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Feb 12 Posted 2 years ago
I think you are right to call for people to take control of their digital identities and explore the benefits that can flow from the socialisation of our digital personalities.
However, there is a dark monster that lurks in the woods alongside the sunny glades of publicness - and this monster is the algorithm. Algorithms don't really care about our whole, rounded, digital personality, instead they sieze upon the data from within our digital identities and use it draw highly judgemental conclusions about us - conclusions far more judgemental or damaging than that which may be formed by individuals. You could say that algorithms are guilty of the serial rape of our digital personalities and trample upon all of the basic principles of data protection and privacy.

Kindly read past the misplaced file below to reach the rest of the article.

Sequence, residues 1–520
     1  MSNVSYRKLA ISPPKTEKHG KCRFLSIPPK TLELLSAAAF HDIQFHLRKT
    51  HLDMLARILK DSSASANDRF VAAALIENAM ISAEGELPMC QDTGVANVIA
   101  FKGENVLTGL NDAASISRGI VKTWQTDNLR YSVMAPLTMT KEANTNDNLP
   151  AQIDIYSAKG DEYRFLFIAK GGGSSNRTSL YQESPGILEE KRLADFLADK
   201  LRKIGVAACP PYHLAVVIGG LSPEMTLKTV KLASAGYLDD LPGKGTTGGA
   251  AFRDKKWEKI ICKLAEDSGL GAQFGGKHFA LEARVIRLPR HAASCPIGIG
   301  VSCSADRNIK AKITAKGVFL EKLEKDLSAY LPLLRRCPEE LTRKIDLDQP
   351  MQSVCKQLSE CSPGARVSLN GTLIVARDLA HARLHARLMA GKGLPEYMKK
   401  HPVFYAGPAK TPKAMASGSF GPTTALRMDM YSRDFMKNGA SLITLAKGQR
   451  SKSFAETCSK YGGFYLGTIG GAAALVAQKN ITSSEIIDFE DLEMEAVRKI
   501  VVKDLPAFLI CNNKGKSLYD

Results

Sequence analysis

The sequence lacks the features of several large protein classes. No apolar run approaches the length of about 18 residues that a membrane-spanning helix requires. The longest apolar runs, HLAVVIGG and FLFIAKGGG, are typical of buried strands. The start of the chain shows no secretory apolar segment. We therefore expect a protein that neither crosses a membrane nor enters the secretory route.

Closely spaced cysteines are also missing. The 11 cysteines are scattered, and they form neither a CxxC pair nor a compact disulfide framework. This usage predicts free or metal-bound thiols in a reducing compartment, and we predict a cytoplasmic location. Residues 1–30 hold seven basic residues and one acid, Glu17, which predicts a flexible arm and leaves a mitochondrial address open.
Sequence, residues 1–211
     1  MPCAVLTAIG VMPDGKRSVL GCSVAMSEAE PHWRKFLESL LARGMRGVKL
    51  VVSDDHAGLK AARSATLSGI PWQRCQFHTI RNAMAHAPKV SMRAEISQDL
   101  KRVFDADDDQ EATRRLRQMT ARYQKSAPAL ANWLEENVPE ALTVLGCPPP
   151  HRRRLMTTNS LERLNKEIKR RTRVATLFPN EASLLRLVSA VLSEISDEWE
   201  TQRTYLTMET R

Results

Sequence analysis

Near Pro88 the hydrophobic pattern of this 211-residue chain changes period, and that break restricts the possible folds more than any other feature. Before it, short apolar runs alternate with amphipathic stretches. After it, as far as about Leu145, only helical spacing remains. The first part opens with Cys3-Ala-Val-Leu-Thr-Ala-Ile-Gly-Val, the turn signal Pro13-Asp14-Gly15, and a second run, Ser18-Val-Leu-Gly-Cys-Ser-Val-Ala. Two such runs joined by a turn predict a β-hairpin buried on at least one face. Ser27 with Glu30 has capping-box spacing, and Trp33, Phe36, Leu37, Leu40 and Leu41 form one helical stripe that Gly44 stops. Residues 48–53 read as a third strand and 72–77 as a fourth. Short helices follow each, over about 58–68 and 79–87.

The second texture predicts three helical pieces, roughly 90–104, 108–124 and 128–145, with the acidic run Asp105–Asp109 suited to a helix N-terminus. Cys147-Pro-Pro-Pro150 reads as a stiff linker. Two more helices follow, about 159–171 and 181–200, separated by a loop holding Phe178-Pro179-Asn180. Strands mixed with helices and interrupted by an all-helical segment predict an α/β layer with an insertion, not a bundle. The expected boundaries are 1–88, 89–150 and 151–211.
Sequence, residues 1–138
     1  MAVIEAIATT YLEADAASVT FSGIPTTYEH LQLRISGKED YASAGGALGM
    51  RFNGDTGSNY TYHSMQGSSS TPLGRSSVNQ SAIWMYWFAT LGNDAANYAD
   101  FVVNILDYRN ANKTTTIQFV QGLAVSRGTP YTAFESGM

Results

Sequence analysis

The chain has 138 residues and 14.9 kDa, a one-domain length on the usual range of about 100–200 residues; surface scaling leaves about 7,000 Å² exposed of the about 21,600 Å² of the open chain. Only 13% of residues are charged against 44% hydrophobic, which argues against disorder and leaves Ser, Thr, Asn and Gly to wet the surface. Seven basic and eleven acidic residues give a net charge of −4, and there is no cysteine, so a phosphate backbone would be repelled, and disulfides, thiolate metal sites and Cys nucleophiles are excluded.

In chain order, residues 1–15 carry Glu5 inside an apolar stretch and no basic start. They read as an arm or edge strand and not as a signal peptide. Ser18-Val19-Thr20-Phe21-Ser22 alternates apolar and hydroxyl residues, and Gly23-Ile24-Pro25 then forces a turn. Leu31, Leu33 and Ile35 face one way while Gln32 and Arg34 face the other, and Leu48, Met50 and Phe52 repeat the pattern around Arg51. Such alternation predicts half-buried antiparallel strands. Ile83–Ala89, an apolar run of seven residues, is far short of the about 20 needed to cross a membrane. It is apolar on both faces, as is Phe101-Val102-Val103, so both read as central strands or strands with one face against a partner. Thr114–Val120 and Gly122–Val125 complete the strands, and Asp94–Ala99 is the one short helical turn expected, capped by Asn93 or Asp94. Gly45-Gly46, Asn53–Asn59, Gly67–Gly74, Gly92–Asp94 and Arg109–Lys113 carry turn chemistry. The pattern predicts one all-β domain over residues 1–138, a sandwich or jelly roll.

If we are to create the sort of benefits both you and Jeff Jarvis talk about, we have to first put the safeguards in place that protect the sanctity of our digital spaces. At the moment these safeguards are not there - largely because to do so would dent the business models of some quite powerful vested interests, as well as because insufficient attention and 'publicity' is being given to the serious consequences of sharing inconsequential data.